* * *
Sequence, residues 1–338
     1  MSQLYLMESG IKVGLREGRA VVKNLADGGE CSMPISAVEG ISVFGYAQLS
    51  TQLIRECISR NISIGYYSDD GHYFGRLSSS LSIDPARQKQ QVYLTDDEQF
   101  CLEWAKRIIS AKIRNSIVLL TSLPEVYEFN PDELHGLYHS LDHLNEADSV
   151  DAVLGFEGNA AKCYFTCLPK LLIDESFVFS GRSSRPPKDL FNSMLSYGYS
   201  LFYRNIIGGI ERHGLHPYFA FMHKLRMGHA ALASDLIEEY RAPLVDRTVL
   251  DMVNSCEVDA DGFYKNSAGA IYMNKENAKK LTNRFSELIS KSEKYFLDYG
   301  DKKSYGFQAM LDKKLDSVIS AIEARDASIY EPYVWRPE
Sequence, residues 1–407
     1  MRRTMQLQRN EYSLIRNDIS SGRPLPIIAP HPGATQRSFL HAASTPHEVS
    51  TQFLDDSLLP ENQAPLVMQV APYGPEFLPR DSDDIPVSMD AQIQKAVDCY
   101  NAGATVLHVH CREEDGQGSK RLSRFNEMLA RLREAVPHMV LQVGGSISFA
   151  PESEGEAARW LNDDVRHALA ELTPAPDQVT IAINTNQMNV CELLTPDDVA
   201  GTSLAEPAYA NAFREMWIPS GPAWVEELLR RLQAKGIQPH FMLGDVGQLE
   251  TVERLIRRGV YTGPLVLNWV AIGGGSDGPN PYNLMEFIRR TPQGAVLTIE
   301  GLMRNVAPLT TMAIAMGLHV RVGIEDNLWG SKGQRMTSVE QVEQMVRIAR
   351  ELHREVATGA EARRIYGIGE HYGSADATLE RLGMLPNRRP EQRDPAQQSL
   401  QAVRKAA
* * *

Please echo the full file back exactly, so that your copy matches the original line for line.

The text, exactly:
Sequence, residues 1–338
     1  MSQLYLMESG IKVGLREGRA VVKNLADGGE CSMPISAVEG ISVFGYAQLS
    51  TQLIRECISR NISIGYYSDD GHYFGRLSSS LSIDPARQKQ QVYLTDDEQF
   101  CLEWAKRIIS AKIRNSIVLL TSLPEVYEFN PDELHGLYHS LDHLNEADSV
   151  DAVLGFEGNA AKCYFTCLPK LLIDESFVFS GRSSRPPKDL FNSMLSYGYS
   201  LFYRNIIGGI ERHGLHPYFA FMHKLRMGHA ALASDLIEEY RAPLVDRTVL
   251  DMVNSCEVDA DGFYKNSAGA IYMNKENAKK LTNRFSELIS KSEKYFLDYG
   301  DKKSYGFQAM LDKKLDSVIS AIEARDASIY EPYVWRPE
Sequence, residues 1–407
     1  MRRTMQLQRN EYSLIRNDIS SGRPLPIIAP HPGATQRSFL HAASTPHEVS
    51  TQFLDDSLLP ENQAPLVMQV APYGPEFLPR DSDDIPVSMD AQIQKAVDCY
   101  NAGATVLHVH CREEDGQGSK RLSRFNEMLA RLREAVPHMV LQVGGSISFA
   151  PESEGEAARW LNDDVRHALA ELTPAPDQVT IAINTNQMNV CELLTPDDVA
   201  GTSLAEPAYA NAFREMWIPS GPAWVEELLR RLQAKGIQPH FMLGDVGQLE
   251  TVERLIRRGV YTGPLVLNWV AIGGGSDGPN PYNLMEFIRR TPQGAVLTIE
   301  GLMRNVAPLT TMAIAMGLHV RVGIEDNLWG SKGQRMTSVE QVEQMVRIAR
   351  ELHREVATGA EARRIYGIGE HYGSADATLE RLGMLPNRRP EQRDPAQQSL
   401  QAVRKAA